Let-in bracing has been a viable option for bracing of conventional construction for many years. Recent testing conducted by Home Innovation Research Labs under conditions of both full and partial restraint reconfirmed that let-in bracing continues to be an acceptable method of bracing. The renewed interest in let-in bracing is triggered by the increasing demand from builders for cost-effective energy-efficient construction. Technological barriers to the use of let-in bracing include (1) the limitations on the flexibility of placing of doors and windows where a let-in brace is installed because of the requirements for a wide uninterrupted wall and (2) the need for notching of studs. In addition, the 2009 IRC bracing provisions increased the required amounts of diagonal bracing. For these reasons, the utility of traditional let-in braces and similar alternative bracing methods have become challenged and are in need of innovation to meet the demands of current code provisions.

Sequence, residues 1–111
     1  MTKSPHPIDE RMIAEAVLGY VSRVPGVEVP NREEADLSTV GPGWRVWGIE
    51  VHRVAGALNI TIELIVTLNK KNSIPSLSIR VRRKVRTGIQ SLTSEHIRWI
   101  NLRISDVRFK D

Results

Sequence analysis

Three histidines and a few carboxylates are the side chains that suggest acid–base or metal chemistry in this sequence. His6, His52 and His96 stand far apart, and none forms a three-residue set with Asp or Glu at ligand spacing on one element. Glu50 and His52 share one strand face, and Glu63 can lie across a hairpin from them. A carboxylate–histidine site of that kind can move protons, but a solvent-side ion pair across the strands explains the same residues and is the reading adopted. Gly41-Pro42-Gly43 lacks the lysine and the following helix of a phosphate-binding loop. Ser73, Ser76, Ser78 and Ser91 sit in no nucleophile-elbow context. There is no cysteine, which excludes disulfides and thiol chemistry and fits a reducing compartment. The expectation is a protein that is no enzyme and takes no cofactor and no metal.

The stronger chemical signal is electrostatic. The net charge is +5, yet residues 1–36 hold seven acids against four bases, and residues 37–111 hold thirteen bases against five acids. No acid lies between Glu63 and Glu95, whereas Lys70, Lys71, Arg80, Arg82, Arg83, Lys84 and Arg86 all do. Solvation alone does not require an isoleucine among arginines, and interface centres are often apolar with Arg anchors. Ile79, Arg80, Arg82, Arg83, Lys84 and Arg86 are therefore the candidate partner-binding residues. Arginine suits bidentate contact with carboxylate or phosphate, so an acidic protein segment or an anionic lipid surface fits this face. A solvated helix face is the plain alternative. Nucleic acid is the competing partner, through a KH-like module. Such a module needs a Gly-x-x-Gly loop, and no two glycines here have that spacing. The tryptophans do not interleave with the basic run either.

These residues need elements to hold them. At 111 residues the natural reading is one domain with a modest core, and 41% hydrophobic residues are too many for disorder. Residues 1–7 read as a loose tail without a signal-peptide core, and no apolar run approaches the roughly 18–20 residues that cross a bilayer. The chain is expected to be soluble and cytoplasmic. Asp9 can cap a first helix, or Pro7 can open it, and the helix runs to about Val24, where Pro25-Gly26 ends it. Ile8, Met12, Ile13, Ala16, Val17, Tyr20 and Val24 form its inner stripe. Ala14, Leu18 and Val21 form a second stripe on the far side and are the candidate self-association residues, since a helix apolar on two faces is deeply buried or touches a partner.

The objective of this research effort was to conduct exploratory testing to determine the performance of several innovative residential wall bracing options that provide improved strength and versatility over conventional let-in bracing methods or that expand builder choice. The focus of the testing was on wind bracing solutions in low seismic areas. Performance results are evaluated against baseline test results1 as well as the upper bound wind bracing strength2 used in the 2009 International Residential Code for One and Two Family Dwellings (IRC) for panel bracing methods other than gypsum board. The results of this testing program are expected to provide the basis for the selection and further qualification testing of a small number of these wall bracing options.